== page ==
194. Banding offers an important means of mitigating the effects of social segregation inherent in admissions based predominantly on geography. We recommend that the Department actively promotes models of good practice in banding for consideration by all admission authorities.

Selection by aptitude

195. Specialist schools and other schools which declare themselves to have a specialism may select up to 10% of their intake on the basis of aptitude in their specialist area(s). Although only a small proportion of designated specialist schools use this provision, as government extends the specialist school programme to the point that "all schools will become specialist"[188] ever greater numbers of schools will have the capacity to select a proportion of their intake and thereby reject and displace an identical number who have not been so selected.

196. Selection by aptitude was a key area of investigation during the first part of our secondary education inquiry. In our report of Diversity of Provision we noted that we could find neither evidence of a meaningful distinction between aptitude and ability[189] nor evidence relating to the purpose or justification for selection by aptitude.[190] During this inquiry we have taken further evidence on this issue that has assisted us in clarifying the issue.

197. The Chief Schools Adjudicator, Dr Philip Hunter, writing on the distinction between aptitude and ability, has commented that "finding a difference between the meanings of two such words is the sort of exercise lexicographers get up to when they haven't enough to do."[191] Given that Parliament has established these concepts in the legislation regarding school admissions, Dr Hunter has offered a working definition: "It denotes a potential or propensity to develop an ability given appropriate teaching or preparation. In other words aptitude + preparation = future ability." [192] We asked Dr Hunter whether he was confident that the range of approved and legally permitted tests of ability or aptitude were capable of accurately predicting future levels of attainment Mr Hunter was clear: "No, I am not" he told us.[193]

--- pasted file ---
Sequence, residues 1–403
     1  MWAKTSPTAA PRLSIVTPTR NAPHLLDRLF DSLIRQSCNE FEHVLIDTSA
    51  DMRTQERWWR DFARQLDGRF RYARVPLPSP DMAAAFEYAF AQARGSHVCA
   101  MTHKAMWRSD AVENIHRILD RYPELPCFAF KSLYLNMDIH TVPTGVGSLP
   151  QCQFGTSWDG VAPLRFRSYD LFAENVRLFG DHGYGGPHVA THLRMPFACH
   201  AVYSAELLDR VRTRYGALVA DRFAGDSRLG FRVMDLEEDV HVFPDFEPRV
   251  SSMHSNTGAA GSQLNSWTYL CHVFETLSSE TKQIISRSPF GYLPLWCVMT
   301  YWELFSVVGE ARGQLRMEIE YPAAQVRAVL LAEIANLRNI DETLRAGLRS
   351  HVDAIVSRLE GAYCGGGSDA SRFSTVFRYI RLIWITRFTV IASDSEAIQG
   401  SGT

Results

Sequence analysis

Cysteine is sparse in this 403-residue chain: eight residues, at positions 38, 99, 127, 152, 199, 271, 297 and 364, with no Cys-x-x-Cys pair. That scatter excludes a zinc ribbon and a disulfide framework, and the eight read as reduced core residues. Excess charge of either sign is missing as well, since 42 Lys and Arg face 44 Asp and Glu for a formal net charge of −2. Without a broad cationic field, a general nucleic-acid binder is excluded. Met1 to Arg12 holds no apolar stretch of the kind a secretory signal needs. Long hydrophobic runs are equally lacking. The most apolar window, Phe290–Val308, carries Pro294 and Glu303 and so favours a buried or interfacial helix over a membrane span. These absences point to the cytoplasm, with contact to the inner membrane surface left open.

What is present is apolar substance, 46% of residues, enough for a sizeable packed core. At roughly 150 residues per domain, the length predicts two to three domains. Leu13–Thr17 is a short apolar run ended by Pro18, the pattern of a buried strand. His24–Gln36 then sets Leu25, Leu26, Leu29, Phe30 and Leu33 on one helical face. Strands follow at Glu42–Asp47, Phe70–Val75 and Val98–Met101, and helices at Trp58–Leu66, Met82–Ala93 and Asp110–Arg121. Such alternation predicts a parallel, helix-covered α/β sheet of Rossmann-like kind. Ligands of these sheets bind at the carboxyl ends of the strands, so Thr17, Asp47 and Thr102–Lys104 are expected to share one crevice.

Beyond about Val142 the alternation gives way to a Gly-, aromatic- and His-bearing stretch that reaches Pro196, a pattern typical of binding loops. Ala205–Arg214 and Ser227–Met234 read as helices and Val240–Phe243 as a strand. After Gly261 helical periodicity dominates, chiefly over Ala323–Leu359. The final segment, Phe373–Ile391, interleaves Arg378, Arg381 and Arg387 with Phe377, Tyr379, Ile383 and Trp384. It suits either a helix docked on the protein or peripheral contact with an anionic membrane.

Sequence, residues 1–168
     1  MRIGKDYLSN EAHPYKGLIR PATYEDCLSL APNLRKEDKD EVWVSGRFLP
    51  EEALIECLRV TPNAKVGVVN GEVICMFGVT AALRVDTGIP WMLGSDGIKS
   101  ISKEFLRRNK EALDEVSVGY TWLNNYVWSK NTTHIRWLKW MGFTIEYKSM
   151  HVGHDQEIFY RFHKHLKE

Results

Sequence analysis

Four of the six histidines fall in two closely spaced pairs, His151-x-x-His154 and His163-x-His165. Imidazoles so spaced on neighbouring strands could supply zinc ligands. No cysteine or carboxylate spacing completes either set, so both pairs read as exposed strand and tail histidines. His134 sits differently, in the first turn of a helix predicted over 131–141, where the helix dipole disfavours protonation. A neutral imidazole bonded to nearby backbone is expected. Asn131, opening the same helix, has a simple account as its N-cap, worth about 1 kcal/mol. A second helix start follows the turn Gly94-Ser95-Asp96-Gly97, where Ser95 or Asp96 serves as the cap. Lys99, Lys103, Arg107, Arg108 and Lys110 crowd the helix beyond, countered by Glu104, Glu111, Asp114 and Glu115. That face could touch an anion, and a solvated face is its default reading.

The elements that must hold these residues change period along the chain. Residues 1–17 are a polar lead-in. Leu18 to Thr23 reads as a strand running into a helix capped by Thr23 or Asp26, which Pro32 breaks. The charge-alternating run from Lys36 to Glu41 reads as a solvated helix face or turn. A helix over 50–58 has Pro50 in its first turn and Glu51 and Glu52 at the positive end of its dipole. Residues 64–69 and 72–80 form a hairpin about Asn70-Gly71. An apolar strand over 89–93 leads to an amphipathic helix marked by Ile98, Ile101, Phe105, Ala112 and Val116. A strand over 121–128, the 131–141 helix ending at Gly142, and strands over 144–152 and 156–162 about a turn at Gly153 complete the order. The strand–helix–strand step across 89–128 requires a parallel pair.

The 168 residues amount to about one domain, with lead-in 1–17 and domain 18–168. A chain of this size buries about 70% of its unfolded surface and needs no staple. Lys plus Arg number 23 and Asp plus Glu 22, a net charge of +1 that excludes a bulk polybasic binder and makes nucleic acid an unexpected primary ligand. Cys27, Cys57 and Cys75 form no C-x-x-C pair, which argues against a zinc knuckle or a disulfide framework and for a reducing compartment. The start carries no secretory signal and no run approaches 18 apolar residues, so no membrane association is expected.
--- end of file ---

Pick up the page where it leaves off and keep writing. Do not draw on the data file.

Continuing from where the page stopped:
198. This is significant. Evidence commissioned by the DfES[194] observed that "the measure of aptitude is an assessment of a pupil's capacity to be trained or developed… its usefulness can arise from the accuracy with which it predicts later success."[195] We have repeatedly sought evidence from the DfES of the link between tests of aptitude and achievement and have repeatedly drawn a blank. Despite the department's own commissioned research highlighting that the link between testing aptitude in a subject and attainment in that subject is perhaps the key indicator of the effectiveness of aptitude testing no such research has been undertaken or initiated by the DfES.

199. As the Department is unable to support its policy on selection by aptitude with evidence as to its efficacy and is unwilling to commission research on the subject, it is difficult to understand why the practice should be allowed to continue. Without such research we cannot know whether pupils selected by aptitude achieve at a higher level, either in the specialist area or across the board, than their unselected peers.

200. Given the well established links between social class and attainment, and the Government's stated commitment to social inclusion and equity, the integrity of the Government's commitment to aptitude testing is hard to defend without clear evidence of its educational benefits. We have not been made aware of any such educational benefits. Nor have we been made aware of any means by which aptitude can be assessed without reference to ability.